The older one has constant limb dieback, symptoms of micronutrient deficiencies despite regular foliar and drench applications, and has hardly grown in 5+ yrs. The younger one grew a little better but the limbs always grew downward. I would trim those in an effort to get more upward growth and theyíd do the same, after so many prunings on a small tree, it began to show similar symptoms to the other one, though not as bad. I cut both back recently and went crazy with the minors in hopes of seeing something that will make me keep them but Iím not holding out hope. Weíll see.

9
Tropical Fruit Discussion / Re: Fruit trees I gave up on
« on: January 09, 2023, 09:10:56 PM »
Since 2017 and 2020 respectively.

10
Tropical Fruit Discussion / Re: Durian + Salak Seedlings - South Florida
« on: January 08, 2023, 06:30:31 PM »
Hi, Iím interested. Sending you a PM. Thanks.

11
Tropical Fruit Discussion / Re: Most Difficult to Grow Trees
« on: January 08, 2023, 03:51:28 PM »
Citrus are one of the hardest types for me to grow. While I do not have to worry about HLB, I do have to make sure their potting mix is just right and constantly defend them from spider mites.

Sapindaceae are probably the most difficult for me. I've managed to keep one lychee alive long-term but with the exception of that lychee and the generally easy-to-grow Mamoncillo, I've killed many other plants in that genus. I've given up on growing rambutan or pulasan.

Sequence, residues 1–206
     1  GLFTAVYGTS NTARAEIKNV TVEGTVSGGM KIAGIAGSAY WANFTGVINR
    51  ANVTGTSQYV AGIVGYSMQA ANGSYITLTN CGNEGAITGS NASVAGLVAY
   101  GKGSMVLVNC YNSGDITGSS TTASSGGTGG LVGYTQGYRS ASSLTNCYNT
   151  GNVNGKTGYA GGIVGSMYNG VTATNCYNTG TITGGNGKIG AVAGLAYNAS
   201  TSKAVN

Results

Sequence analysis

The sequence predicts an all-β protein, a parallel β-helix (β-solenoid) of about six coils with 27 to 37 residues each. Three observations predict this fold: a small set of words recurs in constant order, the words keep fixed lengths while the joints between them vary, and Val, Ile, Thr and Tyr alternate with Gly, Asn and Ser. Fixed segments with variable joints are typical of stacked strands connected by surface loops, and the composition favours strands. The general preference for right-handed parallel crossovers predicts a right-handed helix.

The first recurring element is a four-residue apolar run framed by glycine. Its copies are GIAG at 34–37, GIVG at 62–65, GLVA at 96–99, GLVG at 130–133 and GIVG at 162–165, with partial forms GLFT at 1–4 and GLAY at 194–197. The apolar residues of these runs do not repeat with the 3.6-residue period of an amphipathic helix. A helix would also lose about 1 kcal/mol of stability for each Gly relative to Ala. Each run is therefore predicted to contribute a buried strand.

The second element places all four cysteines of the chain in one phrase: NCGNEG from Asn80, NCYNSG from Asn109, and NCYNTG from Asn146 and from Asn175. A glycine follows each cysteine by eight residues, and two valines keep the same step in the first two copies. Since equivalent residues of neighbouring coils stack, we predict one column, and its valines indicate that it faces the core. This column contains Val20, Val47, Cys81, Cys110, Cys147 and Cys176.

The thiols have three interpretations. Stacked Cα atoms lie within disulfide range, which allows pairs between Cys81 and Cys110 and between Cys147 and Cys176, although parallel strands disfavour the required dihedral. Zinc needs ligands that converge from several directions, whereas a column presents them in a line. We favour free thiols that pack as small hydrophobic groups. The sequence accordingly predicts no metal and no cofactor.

I wish I could grow citrus without the worry of HLB! 

Have you tried the 5-1-1 potting mix? I use a variation of that and have had great results.

12
Tropical Fruit Discussion / Re: Most Difficult to Grow Trees
« on: January 08, 2023, 03:49:03 PM »
usually the tap root will coil itself in the pot, and cause the interior structure to malform to the point that they cannot transport water and nutrients efficiently-

Some species appear to be more resilient to this, maybe have a mechanism for stopping growth on the taproot? maybe just better at surviving off feeders?

Either way Artocarpus, Durio, and Canarium all seem to have this problem

Cerrado species IME also can have this problem as they have huge taproots to deal with the long droughts in their native region-

One of the major advantages to air layered plants for container growing is no taproot- also an old saying from bsbullie (i think is where I heard it) on here is that when shopping for trees at a nursery go for the smallest ones that haven't filled out the pot yet and put them in the ground immediately.

People typically go for the largest ones to get the most bang for their buck but root structure is very important to the long term health of some trees

That makes complete sense, I didnít realize you were growing in containers. I would imagine they would be hard to fruit in them, though I have seen fruiting jacks in 100+ gal. pots.